Some residents living in social housing in Rochdale blighted by damp and mould said they had been told they were breathing too much.
The group, who shared their stories at a meeting at a local pub, all live in properties managed by Rochdale Boroughwide Housing (RBH).
The landlord was also responsible for the property where two-year-old Awaab Ishak died from exposure to mould.
RBH said it was working to carry out repairs to affected homes.
Awaab died in December 2020, with the coroner finding his death was due to a respiratory condition caused by exposure to mould in his home.
RBH was strongly criticised at the time, with the inquest hearing the boy’s father had repeatedly raised the issue of mould.
The government has proposed that rogue social housing landlords could be forced to repair mouldy homes within 24 hours as part of “Awaab’s law”.
Now, more than a year after the inquest outlined RBH’s failings, other tenants of the housing association told the Local Democracy Reporting Service they fear damp and mould could be slowly killing them too.
Leah Nuttall said her family had been told by the landlord that problems with mould in her flat were “due to them breathing too much at night”.
She described the air in her bedroom as being so “heavy” with damp and mould that she now lives on a mattress in the living room.
“Since we moved in back in 2014, we have had problems with green mould,” she said.
It got so bad, she said, that she pondered whether to stay a hotel for a few weeks just to recover after a tonsillectomy.
Her family claimed problems returned within weeks of remedial work being done by RBH.
Its chief executive Amanda Newton has apologised, adding: “Our top priority is the health and wellbeing of our customers and we are working hard to carry out the repairs required.”
However some tenants have claimed the problems have got worse since 2022.
They say it is difficult to get through to RBH to report issues and that they are spending a long time on hold or being “fobbed off” with short-term fixes for what they see as long-term problems.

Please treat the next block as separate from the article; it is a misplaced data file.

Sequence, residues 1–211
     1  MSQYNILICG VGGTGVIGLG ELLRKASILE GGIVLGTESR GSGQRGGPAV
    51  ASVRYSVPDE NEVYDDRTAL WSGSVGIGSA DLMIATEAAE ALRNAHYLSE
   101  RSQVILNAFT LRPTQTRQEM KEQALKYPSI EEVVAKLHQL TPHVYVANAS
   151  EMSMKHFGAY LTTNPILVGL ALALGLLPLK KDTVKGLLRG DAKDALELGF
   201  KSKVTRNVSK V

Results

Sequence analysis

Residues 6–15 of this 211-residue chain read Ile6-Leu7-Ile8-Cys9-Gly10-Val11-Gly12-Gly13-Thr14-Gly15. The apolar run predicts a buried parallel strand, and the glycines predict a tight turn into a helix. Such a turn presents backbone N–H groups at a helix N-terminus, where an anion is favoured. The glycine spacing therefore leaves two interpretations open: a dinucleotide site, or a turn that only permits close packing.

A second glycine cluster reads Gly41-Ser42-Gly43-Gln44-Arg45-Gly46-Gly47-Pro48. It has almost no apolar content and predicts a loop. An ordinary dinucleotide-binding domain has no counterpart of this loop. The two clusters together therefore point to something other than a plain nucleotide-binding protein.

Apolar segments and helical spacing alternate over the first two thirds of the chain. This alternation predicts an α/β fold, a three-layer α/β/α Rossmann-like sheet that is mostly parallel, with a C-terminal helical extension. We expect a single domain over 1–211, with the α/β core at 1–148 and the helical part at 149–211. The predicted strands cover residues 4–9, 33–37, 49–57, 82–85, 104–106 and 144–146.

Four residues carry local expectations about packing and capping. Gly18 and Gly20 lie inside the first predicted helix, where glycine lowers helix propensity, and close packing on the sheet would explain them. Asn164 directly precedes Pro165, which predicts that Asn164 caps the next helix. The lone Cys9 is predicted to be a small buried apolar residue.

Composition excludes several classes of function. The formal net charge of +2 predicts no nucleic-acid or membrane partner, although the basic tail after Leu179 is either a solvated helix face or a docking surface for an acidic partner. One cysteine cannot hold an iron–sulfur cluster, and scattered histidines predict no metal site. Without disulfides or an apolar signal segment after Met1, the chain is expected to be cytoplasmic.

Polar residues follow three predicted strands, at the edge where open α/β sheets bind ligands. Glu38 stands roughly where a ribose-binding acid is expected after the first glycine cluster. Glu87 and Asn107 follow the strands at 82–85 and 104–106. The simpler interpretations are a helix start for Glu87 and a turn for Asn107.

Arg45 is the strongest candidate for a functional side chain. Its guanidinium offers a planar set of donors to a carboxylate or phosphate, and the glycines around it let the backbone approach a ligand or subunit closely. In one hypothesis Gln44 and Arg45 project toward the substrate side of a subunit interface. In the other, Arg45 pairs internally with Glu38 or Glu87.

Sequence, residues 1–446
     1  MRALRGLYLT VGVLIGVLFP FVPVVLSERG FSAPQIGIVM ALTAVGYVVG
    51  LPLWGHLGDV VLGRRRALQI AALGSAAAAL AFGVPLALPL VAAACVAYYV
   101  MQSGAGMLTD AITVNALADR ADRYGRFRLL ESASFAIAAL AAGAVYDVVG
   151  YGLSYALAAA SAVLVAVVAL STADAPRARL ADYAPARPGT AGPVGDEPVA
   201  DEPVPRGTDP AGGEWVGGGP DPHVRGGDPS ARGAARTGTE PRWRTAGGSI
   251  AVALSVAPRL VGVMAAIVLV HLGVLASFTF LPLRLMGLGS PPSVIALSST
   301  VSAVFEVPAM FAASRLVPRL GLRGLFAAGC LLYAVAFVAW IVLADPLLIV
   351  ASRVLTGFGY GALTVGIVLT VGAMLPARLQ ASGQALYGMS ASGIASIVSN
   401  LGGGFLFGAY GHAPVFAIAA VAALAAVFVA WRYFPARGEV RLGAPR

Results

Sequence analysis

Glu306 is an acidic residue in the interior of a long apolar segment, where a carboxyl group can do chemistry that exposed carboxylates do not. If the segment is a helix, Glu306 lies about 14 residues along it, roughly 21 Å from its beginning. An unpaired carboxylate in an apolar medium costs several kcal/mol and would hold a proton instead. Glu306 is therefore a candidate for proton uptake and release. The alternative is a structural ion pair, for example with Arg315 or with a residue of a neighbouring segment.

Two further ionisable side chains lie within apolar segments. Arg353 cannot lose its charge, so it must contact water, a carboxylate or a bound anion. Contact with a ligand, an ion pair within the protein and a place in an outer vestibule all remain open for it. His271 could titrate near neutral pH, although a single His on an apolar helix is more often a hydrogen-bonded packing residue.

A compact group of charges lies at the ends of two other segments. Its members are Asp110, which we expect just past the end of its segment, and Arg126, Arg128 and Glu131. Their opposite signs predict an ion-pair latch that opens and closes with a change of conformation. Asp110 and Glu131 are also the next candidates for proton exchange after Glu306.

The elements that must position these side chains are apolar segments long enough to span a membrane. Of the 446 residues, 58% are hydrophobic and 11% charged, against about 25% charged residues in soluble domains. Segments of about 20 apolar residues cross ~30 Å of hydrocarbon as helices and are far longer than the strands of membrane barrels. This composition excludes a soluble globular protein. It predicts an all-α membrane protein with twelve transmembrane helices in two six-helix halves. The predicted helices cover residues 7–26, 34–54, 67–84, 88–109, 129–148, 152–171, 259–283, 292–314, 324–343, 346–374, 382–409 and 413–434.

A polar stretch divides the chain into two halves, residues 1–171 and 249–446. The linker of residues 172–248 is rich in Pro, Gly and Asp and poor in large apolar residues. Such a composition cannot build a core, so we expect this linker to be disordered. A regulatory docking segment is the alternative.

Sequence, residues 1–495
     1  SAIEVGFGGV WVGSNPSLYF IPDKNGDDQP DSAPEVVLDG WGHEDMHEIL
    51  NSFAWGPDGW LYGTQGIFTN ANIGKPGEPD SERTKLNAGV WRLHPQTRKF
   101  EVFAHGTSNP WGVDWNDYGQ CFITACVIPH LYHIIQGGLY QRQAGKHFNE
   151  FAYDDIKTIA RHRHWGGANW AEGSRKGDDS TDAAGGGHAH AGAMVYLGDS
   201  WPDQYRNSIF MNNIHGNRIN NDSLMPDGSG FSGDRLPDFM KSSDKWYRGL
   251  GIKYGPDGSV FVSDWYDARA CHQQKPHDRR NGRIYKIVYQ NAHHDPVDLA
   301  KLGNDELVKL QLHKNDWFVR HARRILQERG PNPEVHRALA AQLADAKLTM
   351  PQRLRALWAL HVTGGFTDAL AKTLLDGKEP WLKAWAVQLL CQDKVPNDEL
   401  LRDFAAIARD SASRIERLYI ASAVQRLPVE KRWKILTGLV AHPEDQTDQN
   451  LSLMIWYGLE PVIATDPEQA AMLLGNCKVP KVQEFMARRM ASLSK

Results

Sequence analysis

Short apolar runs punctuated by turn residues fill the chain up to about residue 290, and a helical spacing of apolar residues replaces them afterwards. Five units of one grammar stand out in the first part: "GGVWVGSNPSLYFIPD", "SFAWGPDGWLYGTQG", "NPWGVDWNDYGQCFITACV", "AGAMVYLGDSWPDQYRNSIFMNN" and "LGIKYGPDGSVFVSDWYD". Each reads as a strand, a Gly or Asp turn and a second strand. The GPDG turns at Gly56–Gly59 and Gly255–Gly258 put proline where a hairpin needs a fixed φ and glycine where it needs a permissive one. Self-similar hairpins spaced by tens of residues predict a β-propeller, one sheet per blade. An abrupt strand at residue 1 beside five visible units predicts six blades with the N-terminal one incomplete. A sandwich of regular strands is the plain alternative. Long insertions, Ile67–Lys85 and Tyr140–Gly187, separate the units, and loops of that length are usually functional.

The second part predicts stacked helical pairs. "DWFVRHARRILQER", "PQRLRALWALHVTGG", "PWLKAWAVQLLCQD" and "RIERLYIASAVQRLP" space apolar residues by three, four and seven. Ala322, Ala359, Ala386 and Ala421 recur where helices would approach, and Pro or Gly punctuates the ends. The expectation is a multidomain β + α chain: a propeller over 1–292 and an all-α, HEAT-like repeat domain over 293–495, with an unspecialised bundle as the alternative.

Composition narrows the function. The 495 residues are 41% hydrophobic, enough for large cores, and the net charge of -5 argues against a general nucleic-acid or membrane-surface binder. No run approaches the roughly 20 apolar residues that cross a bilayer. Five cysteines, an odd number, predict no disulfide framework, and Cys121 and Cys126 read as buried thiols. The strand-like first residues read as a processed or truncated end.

‘Furry green mould’
Many said they had been told to use bleach, open their windows or put the heating on – leaving one tenant, Sean Doyle, asking “if they are paying to heat their homes or the street”.
“We’ve been living there for over nine years and we’ve had every problem you can name with the place,” he said.
“We’ve had our 10-year-old son diagnosed with asthma now and the doctor said it is because of this property and bad living conditions.”
He said he was “upset” that “furry green mould” was growing around where his daughter sleeps.
“Every person with an issue needs to get on to it, cruel as it is – no one else wants their children to end up with the same fate as the little boy who died.”
He claims he has also waited for workers who do not turn up, costing him lost wages.
RBH said it was making arrangements to carry out work at his home as quickly as possible.
Tania Walsh said she and her family – including her youngest son who had heart problems – suffered “constant chest infections”.
“It is just wet. [RBH employees] paint over it and it just comes back through and it is just not nice to live with in general.
“The mould gets into the kids’ toys and the sofa, and once it is in you can’t get it out – so you have to throw that away.
“It is just draining, I don’t get upset often, but it’s like talking to a brick wall with [RBH].
“They promise you the world and get your hopes up, and then you’re waiting and waiting and then nothing happens.
“We’re labelled as moaning tenants, but we just want something done. It’s not liveable. Home is somewhere to go back to but it’s not even a nice place to be.”
In a statement, Ms Newton said RBH would fit additional ventilation and carry out other repairs at Ms Walsh’s home.
“We would like to apologise to Ms Walsh that the measures taken to date have not fully resolved the issue.”
Ms Newton added that “a comprehensive training programme” had been introduced at RBH’s contact centre.
“Like many housing providers, there is high demand for contractors to support work relating to damp, and we are doing our best to prioritise the homes and families affected.”
She encouraged any residents not receiving the service they need to make formal complaints or contact her directly.